Posted 15th January 2019 | 3 Comments

New 30-year West Midlands rail plan unveiled

A NEW era of rail services for the wider Birmingham and Wolverhampton area has been set out by the West Midlands Rail Executive, as it publishes its planning strategy for the next 30 years.

The plans have been divided into three categories – short, medium and long term. The short term plans involve a budget of £1 billion.

Some of the more immediate schemes include the restoration of passenger services on the Camp Hill line between Kings Norton and Birmingham New Street, and also between Wolverhampton and Walsall, where the passenger service was last withdrawn as recently as 2008.

The main medium term plan rests on the Midlands Rail Hub proposals being developed by Midlands Connect and also the arrival of HS2, which is intended to open from London to Birmingham in 2026.

Further ahead, the strategy says there will need to be ‘radical infrastructure change’ after the opening of Phase 2 of HS2 in 2033, including options for new rail routes and also new technology.

Other improvements will involve higher service frequencies and other ‘quick wins’ by working with the area’s local franchise holder West Midlands Railway to achieve £1 billion-worth of upgrades in the shorter term.

Opportunities for the development of rail freight are also included in the Strategy.

The plans have been drawn up by the WMRE in collaboration with Midlands Connect, the Department for Transport and the wider rail industry. There has also been public and stakeholder consultation.

WMRE chair Cllr Roger Lawrence said: ‘We are delighted to launch our strategy for delivering better rail services across the whole region over the next thirty years.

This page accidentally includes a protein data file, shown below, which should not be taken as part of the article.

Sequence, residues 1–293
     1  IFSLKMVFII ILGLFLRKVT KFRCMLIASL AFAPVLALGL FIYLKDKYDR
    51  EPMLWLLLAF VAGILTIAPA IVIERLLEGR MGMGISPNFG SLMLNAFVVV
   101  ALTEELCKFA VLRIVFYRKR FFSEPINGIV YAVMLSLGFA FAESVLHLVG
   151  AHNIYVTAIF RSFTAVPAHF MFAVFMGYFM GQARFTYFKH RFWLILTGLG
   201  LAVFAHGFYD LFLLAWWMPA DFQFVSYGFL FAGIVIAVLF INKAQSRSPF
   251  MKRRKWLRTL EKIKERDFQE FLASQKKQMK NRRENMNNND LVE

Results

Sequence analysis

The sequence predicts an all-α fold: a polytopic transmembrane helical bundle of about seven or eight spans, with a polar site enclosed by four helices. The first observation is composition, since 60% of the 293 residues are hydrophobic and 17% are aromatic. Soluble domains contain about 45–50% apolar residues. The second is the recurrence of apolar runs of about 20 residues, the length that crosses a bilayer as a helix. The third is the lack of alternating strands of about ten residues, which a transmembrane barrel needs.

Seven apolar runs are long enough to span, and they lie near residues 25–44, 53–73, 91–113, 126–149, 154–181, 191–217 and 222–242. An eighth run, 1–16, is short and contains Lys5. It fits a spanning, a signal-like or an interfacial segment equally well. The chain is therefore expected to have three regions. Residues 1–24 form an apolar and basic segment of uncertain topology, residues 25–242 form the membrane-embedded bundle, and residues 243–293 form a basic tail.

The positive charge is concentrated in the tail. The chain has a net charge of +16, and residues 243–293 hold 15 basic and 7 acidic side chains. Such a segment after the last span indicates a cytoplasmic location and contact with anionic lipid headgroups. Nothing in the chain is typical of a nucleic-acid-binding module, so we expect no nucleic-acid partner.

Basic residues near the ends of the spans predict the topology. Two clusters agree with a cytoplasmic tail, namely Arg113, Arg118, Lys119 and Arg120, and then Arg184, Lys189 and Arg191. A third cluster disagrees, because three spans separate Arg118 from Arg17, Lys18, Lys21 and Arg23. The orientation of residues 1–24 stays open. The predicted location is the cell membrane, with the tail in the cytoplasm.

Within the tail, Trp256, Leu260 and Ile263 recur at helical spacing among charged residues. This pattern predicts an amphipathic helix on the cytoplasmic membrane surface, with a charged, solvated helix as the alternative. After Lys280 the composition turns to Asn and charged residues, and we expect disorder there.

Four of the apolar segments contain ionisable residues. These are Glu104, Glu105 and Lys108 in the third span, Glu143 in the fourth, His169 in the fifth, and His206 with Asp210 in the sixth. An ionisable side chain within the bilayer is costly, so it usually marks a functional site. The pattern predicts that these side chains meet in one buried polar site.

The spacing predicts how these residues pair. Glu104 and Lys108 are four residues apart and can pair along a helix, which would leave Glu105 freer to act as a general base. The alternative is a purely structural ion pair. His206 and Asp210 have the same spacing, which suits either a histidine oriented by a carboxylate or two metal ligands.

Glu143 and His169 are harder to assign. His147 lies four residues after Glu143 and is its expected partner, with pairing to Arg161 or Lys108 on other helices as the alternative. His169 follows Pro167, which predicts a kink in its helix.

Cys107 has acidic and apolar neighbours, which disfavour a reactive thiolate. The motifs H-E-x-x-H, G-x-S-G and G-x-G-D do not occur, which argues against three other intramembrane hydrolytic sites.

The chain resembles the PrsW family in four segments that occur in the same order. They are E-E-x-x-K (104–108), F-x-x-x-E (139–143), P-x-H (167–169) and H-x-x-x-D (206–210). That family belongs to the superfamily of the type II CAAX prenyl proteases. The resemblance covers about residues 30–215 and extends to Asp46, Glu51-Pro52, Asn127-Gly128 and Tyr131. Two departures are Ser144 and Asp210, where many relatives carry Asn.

‘We very much appreciate the time and effort which our partners and stakeholder consultees put into developing their responses.

‘We are pleased that our approach received wide and strong support. The Strategy will support the exciting regeneration and growth plans that exist across our partner authorities, recognising the role that rail plays in connecting people, communities and businesses.’

The Strategy document also promises a supporting ‘Prospectus for Rail’, to be published later this year.

Reader Comments:

Views expressed in submitted comments are that of the author, and not necessarily shared by Railnews.

  • John Gilbert, Cradley

    The reintroduction of suburban services on the Camp Hill line is excellent. It means, however, that we shall have a line, with its new services, connecting at each end with electrified routes. Now, anywhere but in England this would see AUTOMATICALLY,.... OF COURSE, .....the Camp Hill line electrified as part of this reintroduction. It would be just normal practice. But here? In England?? Well, we shall see, shan't we! Let's see if our noble Transport Secretary can, for once, think out of the box!

  • Jeremy Milton, Manchester

    First job is to modernise working practices. The dwell times on the crosscity line are a joke. Train stops. Guard opens his rear door. Guard steps out on platform. Guard looks along platform. Guard opens passenger doors. Passengers alight and board. Guard closes passenger doors. Guard boards train. Guard closes guards door. Guard gives 2 bells to driver. Train leaves.

    An absolute joke!!

    Leave the doors to drivers. Get the second person checking and selling tickets. In disruption run with driver only.

    Welcome to 2019 Birmingham!!

  • Tony Pearce, Reading

    I have spent many hours commuting from Stourbridge to New Street over the years. Toiling up the Bank through Lye to Smethwick. From the Windows you could see a History lesson on how the Industrial Revolution changed the West Midlands, with decay and rusting structures everywhere. It always needed huge investment and was always a 'Cinderella' compared to the Journeys I make in the South East nowadays.